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A Phase III Study for Patients with Newly Diagnosed Acute Promyelocytic Leukemia (APL) using Arsenic Trioxide and All-Trans Retinoic Acid
Standard treatment for acute promyelocytic leukemia (APL) involves high doses of a common class of chemotherapy drugs called anthracyclines. High doses of anthracyclines are known to cause long-term side effects, especially to the heart. Study doctors are interested in finding an effective treatment for APL that reduces the potential for long-term side effects.
A clinical study has shown that a drug called arsenic trioxide, given with other standard chemotherapy drugs, works well in the treatment for APL in adults. Arsenic trioxide has also been evaluated in small groups of children with APL. These studies have determined a dose of arsenic trioxide that is well tolerated with other chemotherapy drugs.
The main goal of this study is to find out if completely removing or reducing the amount of anthracycline chemotherapy used in standard APL treatment, and adding arsenic trioxide, will reduce some of the long-term side effects while maintaining a good cure rate.
All subjects will be assigned to a risk group to determine their treatment. The term 'risk' refers to the chance of the cancer coming back after treatment. This would happen even if you do not take part in a research study. A blood test will show if you have high or standard risk APL. Treatment is divided into the following stages: Induction, Consolidation Cycle 1, Consolidation Cycle 2, MRD Positive Consolidation (not for all subjects), Consolidation Cycle 3 and Consolidation Cycle 4. The term 'MRD' means minimal residual disease and it refers to a special test that is done to detect small amounts of disease in the bone marrow. There is a difference in treatment between the subjects with high risk and standard risk APL on this study. Subjects with high risk APL will also receive the drugs idarubicin and dexamethasone during Induction. Subjects with standard risk APL will not receive these drugs.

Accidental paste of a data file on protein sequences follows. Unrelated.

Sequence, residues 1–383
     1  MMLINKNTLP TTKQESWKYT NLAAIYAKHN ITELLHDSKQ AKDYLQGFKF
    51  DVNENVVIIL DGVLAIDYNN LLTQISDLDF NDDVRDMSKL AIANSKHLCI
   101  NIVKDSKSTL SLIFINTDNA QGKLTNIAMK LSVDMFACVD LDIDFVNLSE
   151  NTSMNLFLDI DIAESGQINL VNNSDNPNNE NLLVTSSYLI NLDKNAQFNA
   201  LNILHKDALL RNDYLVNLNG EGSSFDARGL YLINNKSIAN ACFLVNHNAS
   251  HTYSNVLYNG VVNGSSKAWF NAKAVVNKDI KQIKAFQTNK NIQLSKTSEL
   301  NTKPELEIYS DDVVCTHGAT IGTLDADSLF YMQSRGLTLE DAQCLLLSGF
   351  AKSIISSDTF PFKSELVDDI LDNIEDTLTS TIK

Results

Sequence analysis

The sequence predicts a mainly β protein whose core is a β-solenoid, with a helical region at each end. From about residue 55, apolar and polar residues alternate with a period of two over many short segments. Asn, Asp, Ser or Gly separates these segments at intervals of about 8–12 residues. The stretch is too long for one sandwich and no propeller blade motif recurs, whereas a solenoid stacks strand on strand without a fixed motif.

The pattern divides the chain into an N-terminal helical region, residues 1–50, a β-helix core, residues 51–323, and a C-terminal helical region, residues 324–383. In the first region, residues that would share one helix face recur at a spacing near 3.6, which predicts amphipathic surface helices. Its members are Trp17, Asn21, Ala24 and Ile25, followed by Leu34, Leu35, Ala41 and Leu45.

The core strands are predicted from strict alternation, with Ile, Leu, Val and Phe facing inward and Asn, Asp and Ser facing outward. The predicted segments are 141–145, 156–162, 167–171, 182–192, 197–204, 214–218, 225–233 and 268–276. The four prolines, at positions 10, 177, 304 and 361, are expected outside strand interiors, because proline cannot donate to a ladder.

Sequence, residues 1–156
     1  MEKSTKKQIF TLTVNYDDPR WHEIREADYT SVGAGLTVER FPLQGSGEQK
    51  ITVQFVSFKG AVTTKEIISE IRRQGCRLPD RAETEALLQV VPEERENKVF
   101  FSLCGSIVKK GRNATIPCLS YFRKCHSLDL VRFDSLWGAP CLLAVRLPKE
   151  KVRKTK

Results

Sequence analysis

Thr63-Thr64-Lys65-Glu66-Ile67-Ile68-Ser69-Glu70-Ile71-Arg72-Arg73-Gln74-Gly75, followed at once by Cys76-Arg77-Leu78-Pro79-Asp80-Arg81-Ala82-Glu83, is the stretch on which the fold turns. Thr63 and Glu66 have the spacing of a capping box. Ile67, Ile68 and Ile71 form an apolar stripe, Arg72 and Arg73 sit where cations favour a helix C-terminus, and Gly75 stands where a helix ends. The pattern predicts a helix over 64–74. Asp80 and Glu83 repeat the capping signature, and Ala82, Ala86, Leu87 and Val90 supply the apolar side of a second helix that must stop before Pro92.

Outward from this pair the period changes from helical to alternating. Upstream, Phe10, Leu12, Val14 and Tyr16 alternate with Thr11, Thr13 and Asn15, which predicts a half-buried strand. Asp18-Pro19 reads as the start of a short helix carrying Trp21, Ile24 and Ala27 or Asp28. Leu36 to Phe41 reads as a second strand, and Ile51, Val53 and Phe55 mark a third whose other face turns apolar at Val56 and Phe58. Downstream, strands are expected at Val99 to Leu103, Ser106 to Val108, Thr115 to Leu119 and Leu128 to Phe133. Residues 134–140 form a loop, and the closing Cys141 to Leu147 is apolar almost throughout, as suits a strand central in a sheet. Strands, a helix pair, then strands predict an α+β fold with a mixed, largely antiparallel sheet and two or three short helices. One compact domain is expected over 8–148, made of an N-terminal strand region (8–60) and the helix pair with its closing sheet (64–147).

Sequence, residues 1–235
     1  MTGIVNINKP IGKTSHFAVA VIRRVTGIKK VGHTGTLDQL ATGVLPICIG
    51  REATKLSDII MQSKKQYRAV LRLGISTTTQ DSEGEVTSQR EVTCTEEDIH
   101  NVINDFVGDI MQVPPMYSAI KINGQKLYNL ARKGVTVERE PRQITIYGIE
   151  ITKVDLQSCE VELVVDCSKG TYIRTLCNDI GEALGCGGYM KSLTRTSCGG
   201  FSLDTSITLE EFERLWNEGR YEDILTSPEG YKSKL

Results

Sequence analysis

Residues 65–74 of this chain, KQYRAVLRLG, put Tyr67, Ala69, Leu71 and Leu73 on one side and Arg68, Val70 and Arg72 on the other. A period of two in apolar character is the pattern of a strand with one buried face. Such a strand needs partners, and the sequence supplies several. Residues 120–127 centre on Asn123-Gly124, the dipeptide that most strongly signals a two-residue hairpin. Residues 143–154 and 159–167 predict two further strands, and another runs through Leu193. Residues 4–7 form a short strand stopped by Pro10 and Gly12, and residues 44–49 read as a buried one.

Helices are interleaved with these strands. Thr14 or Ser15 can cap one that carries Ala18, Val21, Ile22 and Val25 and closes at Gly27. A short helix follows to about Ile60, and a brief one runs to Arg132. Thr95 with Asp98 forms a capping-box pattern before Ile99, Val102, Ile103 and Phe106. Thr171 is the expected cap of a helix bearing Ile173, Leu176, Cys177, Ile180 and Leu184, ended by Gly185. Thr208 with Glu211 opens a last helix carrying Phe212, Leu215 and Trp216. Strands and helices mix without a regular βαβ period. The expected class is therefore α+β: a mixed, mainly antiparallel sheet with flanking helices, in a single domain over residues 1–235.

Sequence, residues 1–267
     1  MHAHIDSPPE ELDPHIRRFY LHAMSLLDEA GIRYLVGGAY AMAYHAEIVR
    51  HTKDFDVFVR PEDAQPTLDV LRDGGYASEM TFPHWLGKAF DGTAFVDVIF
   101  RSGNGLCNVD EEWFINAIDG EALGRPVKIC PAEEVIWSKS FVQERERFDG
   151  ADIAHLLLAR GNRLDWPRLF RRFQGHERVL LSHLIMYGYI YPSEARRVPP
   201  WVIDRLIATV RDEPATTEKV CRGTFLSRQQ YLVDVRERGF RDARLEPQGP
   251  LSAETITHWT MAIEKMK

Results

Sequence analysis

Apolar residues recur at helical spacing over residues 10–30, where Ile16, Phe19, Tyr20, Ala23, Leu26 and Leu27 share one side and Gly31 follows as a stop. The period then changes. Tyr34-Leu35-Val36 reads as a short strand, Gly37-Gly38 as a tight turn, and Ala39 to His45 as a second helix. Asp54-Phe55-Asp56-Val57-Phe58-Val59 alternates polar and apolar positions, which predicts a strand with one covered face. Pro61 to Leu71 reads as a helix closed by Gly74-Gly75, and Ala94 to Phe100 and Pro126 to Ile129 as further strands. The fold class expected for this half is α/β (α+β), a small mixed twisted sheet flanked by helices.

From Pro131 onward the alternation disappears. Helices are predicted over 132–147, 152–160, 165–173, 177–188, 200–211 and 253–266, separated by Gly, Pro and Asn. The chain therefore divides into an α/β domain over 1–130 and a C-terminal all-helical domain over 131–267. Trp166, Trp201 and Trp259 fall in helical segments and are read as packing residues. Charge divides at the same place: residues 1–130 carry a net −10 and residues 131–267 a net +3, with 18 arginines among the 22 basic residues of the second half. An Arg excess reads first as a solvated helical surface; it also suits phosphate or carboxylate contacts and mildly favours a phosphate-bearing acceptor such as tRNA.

Drugs that are part of the treatment regimen in this protocol are given in a variety of ways. Tretinoin is given by mouth, arsenic trioxide, cytarabine,and mitoxantrone are given intravenously.
- Patient must be ≥ 12 months and < 22 years of age at first diagnosis of APL
- Patients must be newly diagnosed with a clinical diagnosis of APL
- Patients may receive up to a maximum of 5 days of pre-treatment with ATRA prior to administration of protocol therapy
- Treatment with hydroxyurea, corticosteroids (any route) and intrathecal cytarabine prior to beginning protocol directed therapy is allowed
- Patients with secondary APL are excluded
- Patients with isolated myeloid sarcoma (myeloblastoma, chloroma, including leukemia cutis) but without evidence of APL by bone marrow or peripheral blood morphology are excluded
- Patients who have received treatment with any other cytotoxic chemotherapy prior to beginning protocol therapy are excluded
- Female patients who are pregnant are excluded
- Lactating females who plan to breastfeed their infants are excluded
Applicable Disease Sites
Trisenox (arsenic trioxide); ara-c (cytarabine); arsenic trioxide; atra (all-trans-retinoic acid); cytarabine; cytosar (cytarabine); cytosine arabinoside (cytarabine); decadron (dexamethasone); dexamethasone; droxia (hydroxyurea); hdmtx (methotrexate); hu (hydroxyurea); hydrea (hydroxyurea); hydrocortisone; hydroxyurea; id (idarubicin); ida (idarubicin); idamycin (idarubicin); idarubicin; it-mtx (methotrexate); leucovorin; leukovorin (leucovorin); lv (leucovorin); methotrexate; mitoxantrone; mtx (methotrexate); novantrone (mitoxantrone); oh-urea (hydroxyurea); solu-cortef (hydrocortisone); wellcovorin (leucovorin)
Gundersen Health System; UW Hospital and Clinics